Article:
Pomeranian Coast Pomeranian Coast Pomeranian Coast Pomeranian Coast Pomeranian Coast

Pomeranian Coast

This section of the EuroVelo 13 - Iron Curtain Trail is very varied and historically fascinating.

After crossing the area by Kaliningrad (formerly Königsberg), which belongs to Russia, the trail follows the sandy beaches and steep cliffs along the Baltic coast to the German-Polish border at Świnoujście (Swinemünde). Although no actual wall or barbed wire fence was constructed along this stretch during the Cold War, there certainly was a kind of Iron Curtain since large areas of the coastal region between St Petersburg and Usedom were inaccessible military areas and have only been opened up again in recent years. You still find reminders of the past everywhere, apart from relics of the Cold War also traces of the settlement and rule of various tribes over the centuries.


Here the trail offers an ever-changing panorama of sea views, lovely scenery and towns with a long and eventful history. Since it runs alongside the beach, you can take a cooling dip in the Baltic at almost any point. This section begins at the border between Lithuania and Russia near the town of Nida, which is situated at the southern end of the long Curonian Spit. The route along the Russian side of the Spit is a true delight for nature-lovers, lined on both sides by a forest untouched by man for decades. Coming to the end of the Spit, you approach Kaliningrad. A visit to Kaliningrad is not to be missed. In the course of its turbulent history, the town has not only been part of the Hanseatic League, the hometown of Immanuel Kant and a German exclave, but later also became a no-go area and is now a Russian exclave. While it was spared any fighting for a long time in World War II, in 1944 British and American air raids destroyed much of the inner city. In April 1945 the Red Army took the town and annexed it to the Soviet Union. It remained a no-go area until 1991. The Amber Museum and the Bunker Museum are well worth a visit.

From Kaliningrad you continue towards Poland, crossing the Russian-Polish border near Mamonovo and heading towards the Baltic. This takes you past Frombork (Frauenburg), where Nicolaus Copernicus served as canon and was buried in 1543. You can still view his astronomical observatory, his studies and his tools in the city museum. From Frombork you take the ferry to Sztutowo (Stutthof), which was originally a German prison camp, later a concentration camp, and is now commemorated by a memorial. You then follow the coastal road westward along the Baltic. After Mikoszewo you continue to the old trading and hanseatic city of Gdańsk (Danzig), the next must-see metropolis on the Iron Curtain Trail. The Nazi bombardment of Westerplatte in 1939 triggered World War II here, but it is also the birthplace of the solidarity movement of the early 1980s, which was a major contributory factor in the fall of the Iron Curtain in Europe.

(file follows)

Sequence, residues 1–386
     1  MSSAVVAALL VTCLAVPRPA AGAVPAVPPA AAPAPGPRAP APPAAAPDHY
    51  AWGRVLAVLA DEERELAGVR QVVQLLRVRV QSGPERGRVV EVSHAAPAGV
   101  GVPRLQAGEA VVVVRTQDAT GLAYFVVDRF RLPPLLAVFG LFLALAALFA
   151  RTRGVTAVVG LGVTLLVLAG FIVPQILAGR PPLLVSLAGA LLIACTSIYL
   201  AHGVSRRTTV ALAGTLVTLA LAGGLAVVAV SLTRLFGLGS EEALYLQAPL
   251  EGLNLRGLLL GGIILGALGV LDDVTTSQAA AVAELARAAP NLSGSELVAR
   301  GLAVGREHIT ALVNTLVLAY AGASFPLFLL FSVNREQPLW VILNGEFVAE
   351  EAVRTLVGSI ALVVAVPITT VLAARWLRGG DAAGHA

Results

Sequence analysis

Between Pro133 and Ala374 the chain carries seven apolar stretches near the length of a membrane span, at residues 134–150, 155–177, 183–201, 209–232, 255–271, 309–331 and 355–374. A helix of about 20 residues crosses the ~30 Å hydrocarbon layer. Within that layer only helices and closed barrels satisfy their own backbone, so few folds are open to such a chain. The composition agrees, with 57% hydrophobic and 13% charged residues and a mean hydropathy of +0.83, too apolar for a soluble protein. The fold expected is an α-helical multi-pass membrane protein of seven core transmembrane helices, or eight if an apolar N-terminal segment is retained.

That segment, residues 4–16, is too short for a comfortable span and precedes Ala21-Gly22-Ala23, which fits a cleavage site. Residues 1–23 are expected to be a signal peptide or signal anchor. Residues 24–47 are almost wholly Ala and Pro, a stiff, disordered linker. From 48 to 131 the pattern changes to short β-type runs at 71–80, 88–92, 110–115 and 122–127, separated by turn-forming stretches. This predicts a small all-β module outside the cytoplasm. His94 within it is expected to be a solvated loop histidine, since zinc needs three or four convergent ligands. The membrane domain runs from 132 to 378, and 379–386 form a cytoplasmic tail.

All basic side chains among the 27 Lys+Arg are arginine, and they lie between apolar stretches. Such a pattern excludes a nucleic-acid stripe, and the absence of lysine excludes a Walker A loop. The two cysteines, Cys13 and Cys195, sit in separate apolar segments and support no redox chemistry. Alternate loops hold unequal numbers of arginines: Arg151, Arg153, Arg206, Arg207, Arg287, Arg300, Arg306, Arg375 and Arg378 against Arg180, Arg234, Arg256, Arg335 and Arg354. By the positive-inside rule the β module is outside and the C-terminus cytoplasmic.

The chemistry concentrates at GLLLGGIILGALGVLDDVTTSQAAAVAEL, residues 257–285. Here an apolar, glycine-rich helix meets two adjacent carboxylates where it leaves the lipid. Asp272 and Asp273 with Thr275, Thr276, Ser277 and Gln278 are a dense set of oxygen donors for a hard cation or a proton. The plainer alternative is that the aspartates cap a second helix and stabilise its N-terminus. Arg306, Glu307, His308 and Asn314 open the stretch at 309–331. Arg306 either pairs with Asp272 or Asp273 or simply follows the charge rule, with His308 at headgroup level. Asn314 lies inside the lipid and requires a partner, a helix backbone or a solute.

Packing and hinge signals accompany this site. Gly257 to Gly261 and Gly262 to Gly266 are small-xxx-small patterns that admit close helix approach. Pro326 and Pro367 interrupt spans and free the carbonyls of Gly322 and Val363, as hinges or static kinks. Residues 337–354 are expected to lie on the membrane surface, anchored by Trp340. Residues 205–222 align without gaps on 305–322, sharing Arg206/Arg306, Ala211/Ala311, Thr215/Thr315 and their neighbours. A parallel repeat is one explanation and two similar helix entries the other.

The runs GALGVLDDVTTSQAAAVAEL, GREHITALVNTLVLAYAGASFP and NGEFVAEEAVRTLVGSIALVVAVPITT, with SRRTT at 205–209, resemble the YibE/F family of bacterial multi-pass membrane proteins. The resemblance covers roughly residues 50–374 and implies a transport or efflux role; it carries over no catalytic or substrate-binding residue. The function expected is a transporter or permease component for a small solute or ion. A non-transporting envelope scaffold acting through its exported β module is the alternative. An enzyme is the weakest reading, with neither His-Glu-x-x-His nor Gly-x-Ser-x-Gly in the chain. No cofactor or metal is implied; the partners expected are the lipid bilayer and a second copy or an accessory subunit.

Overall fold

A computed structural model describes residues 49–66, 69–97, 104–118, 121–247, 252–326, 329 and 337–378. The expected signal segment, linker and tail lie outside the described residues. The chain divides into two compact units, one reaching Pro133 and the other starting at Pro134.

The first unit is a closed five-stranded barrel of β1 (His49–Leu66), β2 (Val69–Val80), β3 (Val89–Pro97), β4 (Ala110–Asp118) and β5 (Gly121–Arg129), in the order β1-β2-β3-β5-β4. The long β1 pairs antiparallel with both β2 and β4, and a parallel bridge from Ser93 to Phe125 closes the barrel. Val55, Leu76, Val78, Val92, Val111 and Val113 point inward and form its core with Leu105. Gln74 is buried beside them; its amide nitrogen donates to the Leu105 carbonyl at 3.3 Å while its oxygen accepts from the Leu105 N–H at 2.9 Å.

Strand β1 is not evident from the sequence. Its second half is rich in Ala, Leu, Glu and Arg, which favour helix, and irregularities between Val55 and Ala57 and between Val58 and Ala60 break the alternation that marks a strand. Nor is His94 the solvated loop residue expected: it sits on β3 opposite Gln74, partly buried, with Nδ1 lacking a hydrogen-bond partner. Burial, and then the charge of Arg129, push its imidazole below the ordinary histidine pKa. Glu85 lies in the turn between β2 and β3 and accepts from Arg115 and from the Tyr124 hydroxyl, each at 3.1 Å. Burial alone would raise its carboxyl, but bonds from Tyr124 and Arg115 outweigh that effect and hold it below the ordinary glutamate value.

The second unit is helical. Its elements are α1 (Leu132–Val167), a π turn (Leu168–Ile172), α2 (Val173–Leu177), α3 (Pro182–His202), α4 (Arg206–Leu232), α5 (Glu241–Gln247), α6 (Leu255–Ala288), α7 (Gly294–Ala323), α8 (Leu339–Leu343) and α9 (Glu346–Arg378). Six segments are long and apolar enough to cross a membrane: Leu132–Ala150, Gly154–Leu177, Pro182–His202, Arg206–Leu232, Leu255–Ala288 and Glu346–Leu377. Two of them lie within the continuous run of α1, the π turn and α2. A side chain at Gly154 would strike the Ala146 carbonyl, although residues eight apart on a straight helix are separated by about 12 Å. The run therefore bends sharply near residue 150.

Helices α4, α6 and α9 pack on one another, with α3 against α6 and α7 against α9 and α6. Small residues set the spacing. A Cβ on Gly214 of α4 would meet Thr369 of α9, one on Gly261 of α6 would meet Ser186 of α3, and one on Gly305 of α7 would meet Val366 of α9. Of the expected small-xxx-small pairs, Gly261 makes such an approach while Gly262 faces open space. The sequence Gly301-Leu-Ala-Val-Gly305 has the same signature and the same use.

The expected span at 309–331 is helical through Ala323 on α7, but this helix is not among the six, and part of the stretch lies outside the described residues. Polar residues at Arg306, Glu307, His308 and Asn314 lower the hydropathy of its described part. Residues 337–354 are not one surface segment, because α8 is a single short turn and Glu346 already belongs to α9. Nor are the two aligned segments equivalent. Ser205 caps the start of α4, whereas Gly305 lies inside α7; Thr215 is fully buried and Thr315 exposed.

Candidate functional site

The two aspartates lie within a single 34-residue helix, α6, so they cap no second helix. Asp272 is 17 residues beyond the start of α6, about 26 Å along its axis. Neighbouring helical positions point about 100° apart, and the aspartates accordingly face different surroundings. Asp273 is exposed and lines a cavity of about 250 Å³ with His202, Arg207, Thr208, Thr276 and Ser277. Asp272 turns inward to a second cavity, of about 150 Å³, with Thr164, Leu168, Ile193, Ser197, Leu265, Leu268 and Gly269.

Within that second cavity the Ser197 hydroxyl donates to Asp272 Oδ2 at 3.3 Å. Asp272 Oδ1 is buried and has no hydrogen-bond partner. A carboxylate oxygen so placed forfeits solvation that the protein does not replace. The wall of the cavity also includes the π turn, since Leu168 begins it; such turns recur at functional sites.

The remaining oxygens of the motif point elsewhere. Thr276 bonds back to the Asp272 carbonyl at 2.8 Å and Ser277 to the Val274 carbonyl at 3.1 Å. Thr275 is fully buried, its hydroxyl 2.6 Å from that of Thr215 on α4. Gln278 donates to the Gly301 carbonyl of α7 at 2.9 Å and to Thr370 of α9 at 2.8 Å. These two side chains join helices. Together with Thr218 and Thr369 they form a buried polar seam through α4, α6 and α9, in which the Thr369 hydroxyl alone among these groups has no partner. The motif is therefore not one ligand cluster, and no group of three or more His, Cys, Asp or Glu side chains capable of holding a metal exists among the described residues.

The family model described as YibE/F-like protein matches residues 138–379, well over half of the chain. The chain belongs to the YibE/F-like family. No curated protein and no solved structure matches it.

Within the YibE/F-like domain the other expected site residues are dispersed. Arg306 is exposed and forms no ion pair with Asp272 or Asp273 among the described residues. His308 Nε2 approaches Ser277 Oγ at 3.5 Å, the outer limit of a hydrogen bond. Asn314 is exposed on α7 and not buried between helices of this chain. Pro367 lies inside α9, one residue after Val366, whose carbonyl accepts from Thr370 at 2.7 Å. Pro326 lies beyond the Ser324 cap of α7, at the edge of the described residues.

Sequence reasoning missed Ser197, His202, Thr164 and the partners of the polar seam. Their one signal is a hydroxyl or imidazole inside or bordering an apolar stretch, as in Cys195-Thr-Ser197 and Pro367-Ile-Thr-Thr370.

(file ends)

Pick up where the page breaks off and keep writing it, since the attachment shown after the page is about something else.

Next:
Next, you cycle on to Gdynia (Gdingen), the hills of which still show evidence of the Cold War, such as restored gun emplacements. A few kilometres further you see the Hel peninsula, reaching far into the sea. It was once an important Polish military base and a barred military area between 1945 and 1990. Today you are allowed to cross it, and although remains of the coastal defences survive, this strip of land is reverting to tourism. You can do a day trip of the peninsula along a new, 50-kilometre cycle trail.

You then continue along the coast between dunes and forests and the banks of Sarbsko Lake. You will pass Czołpino and Rowy as well as several small lakes and can visit abandoned Cold War military installations in Łazy, while never moving far from the Baltic coast. The Polish section finally ends near the German border at the tourist town of Świnoujście (Swinemünde).




  • 440 km
    Length of Poland's
    Baltic Sea coast
  • 1980
    Start of the strike at
    the Gdansk Shipyards
  • 1255
    Foundation of



  • Kluki, Poland

    Kluki is a picturesque village which was once a Slovincian settlement. Until the 19th Century, The Slavic language of Slovincian was spoken here and the village was one of the last places where it could be heard until as late as the 1950s. Today, Kluki is home to a museum which details the history of the village and of the Slovincian people. Piture by tomasz przechlewski (flickr.com), Creative Commons accessed 13th July 2015

  • Artillery Battery at Redłowo

    The battery consisted of four positions for the 130 m guns made of reinforced concrete. There were built several bomb shelters and an observation tower – all the objects are located in a military zone. The battery at Redłowo is the best preserved post-war seaside battery and the most attractive military monument of Gdynia.

  • Gdansk Shipyard, Poland

    Formerly known as the Lenin Shipyard, the Gdansk Shipyard is famous as the birthplace of the Solidarność movement. Founded in 1980, it was the only trade union in the Warsaw pact countries that was not part of the Communist Party. In 1989 after strikes and negotiations with the government, Poland held its first open elections. Photo by Trojan_Llama (flickr.com), Creative Commons accessed 14th of July 2015

  • The Krynica Morska Lighthouse

    The lighthouse has beautiful views over the Baltic Sea. It was built from concrete blocks and has the shape of a truncated cone with an internal staircase climbing to the top. Due to its position on a high dune, its light was visible as far as 48 nautical miles away. During wartime the lighthouse was destroyed and a new 27-metre- high tower was built in 1951.

  • Certified EuroVelo Route
  • Developed route with EuroVelo signs
  • Developed route
  • Route under development
  • Route at the planning stage

The stages